The way forward to mass- and energy-efficient EVs

After more than 100 years of domination by cars with internal combustion engines, we are now in the process of changing our seats to electric vehicles (EVs). The auto industry is in great need of lighter functional materials and new energy storage systems. At the 2019 Nanoaugmented Materials Industry Summit (NAUM’19) in Kyoto, 450 experts from 31 country debated how single wall carbon nanotubes meet these challenges and unlock the development of completely new materials and products.

Kyoto, Japan – “The entire auto industry is ready for a dramatic change. And single wall carbon nanotubes are an excellent candidate for achieving these ambitious goals,” said Ivica Kolaric, Fraunhofer IPA Head of Department, at the debates on the future of transportation and the role of graphene nanotubes, also known as single wall carbon nanotubes, in this. Rob Thompson, Arrival Chief of Materials, agreed: “We need to switch to electric powertrains, and we acknowledge the importance of tiny single wall carbon nanotubes in this process. They help to create really smart, strong and recyclable materials.”

What are the key obstacles for EV sales growth? “The current high cost of EVs and their low energy efficiency, which is a result of low battery charging rates and limited mileage,” says Mikhail Predtechenskiy, OCSiAl Head of R&D. “Using graphene nanotubes, it is absolutely possible to cut the price of EVs by 30% to meet that of a standard internal combustion engine car. Nanotube use enables improvements in the battery pack and reductions in the car’s body weight and the tires’ rolling resistance.”

60% of the material used in cars today is steel. How can we replace this with polymers that are lighter, cheaper and more flexible in terms of design? Martin Wildemann, LEHVOSS Group Senior Consultant, said, “I believe the body will be the first part of the car to adopt single wall carbon nanotubes, as we see a lot of potential to enhance it and reduce the weight. Engineers have great opportunities in developing completely new materials and making the whole car smarter.”  “We’ve made an aluminum reinforced with nanotubes for a premium OEM,” said Ivica Kolaric. Furthermore, with single wall nanotubes, Fraunhofer is able to turn the more than 16 square meters of car surface into an artificial smart skin for connected cars with sensors and that can change color on demand.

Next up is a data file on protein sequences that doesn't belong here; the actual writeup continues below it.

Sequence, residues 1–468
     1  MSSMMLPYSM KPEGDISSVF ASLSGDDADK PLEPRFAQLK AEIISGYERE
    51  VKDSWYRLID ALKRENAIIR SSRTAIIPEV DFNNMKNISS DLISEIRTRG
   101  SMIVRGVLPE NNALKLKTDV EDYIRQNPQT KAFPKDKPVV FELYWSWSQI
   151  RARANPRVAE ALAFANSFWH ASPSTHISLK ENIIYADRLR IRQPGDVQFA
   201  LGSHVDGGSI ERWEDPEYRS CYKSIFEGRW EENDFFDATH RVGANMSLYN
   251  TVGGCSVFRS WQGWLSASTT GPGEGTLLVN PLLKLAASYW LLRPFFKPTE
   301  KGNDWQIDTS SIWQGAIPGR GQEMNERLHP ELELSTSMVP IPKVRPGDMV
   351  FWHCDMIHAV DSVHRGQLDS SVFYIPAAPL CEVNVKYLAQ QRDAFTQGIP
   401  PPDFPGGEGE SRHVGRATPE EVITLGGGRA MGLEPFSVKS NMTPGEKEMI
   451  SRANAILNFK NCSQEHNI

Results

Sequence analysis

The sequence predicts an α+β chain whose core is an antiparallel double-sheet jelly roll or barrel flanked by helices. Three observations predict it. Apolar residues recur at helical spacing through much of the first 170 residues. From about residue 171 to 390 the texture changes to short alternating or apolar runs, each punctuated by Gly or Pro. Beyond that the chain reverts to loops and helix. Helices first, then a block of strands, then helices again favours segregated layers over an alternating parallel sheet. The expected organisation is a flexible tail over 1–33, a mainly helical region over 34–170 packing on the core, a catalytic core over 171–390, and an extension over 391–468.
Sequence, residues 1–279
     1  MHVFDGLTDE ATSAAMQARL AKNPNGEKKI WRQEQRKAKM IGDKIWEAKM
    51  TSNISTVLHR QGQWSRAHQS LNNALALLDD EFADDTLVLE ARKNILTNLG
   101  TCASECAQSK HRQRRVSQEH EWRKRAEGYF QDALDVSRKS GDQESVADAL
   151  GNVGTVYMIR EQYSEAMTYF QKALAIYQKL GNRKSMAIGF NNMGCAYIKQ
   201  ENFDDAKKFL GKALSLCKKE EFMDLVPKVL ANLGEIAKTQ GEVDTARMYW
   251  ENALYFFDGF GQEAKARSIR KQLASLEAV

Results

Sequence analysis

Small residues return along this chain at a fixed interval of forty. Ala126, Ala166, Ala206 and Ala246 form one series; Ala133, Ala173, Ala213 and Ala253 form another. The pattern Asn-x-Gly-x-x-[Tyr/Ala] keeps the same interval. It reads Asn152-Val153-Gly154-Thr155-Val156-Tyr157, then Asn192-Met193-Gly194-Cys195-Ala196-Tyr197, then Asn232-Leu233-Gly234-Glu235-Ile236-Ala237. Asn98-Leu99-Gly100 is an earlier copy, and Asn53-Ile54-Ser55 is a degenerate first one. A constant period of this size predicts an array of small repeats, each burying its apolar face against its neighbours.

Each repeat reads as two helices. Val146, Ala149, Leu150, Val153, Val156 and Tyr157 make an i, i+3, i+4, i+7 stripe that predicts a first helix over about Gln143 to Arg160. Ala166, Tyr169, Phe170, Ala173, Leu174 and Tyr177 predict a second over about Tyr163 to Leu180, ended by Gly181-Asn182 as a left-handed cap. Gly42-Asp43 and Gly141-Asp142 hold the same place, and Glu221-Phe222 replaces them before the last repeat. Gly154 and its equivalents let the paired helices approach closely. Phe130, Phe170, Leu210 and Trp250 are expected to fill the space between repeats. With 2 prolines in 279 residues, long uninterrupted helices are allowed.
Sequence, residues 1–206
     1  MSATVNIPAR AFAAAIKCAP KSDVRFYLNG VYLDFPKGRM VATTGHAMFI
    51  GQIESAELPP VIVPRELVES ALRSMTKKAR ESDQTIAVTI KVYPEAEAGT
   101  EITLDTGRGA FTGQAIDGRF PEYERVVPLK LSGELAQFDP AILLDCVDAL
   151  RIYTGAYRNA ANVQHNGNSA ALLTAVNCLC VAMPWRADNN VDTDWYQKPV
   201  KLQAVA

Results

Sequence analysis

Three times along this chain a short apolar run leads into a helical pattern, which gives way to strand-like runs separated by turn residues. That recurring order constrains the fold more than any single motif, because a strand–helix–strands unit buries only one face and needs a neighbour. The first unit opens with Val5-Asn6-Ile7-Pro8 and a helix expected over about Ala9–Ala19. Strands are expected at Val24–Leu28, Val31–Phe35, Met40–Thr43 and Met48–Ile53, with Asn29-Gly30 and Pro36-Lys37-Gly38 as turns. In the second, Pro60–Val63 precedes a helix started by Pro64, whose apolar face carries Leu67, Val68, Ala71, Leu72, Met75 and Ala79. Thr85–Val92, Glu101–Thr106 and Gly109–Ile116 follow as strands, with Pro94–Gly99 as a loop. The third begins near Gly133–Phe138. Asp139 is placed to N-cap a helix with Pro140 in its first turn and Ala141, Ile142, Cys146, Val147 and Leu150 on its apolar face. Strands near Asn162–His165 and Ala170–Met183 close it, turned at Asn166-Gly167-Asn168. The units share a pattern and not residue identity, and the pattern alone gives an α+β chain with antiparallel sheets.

Maxim Predtechenskiy, Head of the Digital Department at UJET, has stated that the UJET e-scooter has already made the mobility leap that everyone is dreaming about. “We are proud of the unmatched absence of weight – UJET is the lightest e-scooter in the world – and we are keen to decrease it further with the help of TUBALL nanotubes produced by OCSiAl. Another example is our TUBALL-augmented tires – the world’s best-in-class tires that deliver up to 30% better wet grip while being the lightest on the market.”

Jean-Nicolas Helt, OCSiAl Development and Support Leader, added: “Car weight reduction and powertrain energy efficiency are important, but tire innovation should be a priority, as the tires are responsible for 30% of the overall energy consumption of the vehicle.” He added that, after the inventions of radial construction and silica technology, the third big revolution in the tire industry is now possible thanks to graphene nanotubes, which improve all the key properties at the same time, something that was unachievable with any conventional additive. “TUBALL nanotubes optimize the overall performance, improve the abrasion resistance leading to a longer life, bring a strong improvement in wet grip that boosts safety, enable excellent electrical conductivity resulting in equipment protection, and allow a unique improvement in rolling resistance that reduces vehicles’ energy consumption and emissions.”

But the most rapid advances with graphene nanotubes are being achieved in battery systems, where they break the limits of energy density. Nanotubes enable high energy density 300 Wh/kg batteries with silicon anodes and increased cycle life. Dr Jian Lin, Shenzhen BAK Power Battery Vice President, said, “Single wall carbon nanotubes can be widely applied in both cathodes and anodes. We have a lot of experience with using just a very small amount of these nanotubes for significant improvement of the total energy density of silicon anodes.” The first mass-produced EVs with lithium-ion batteries enhanced with TUBALL graphene nanotubes have already been launched on the Chinese market.

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Written by Anastasia Zirka

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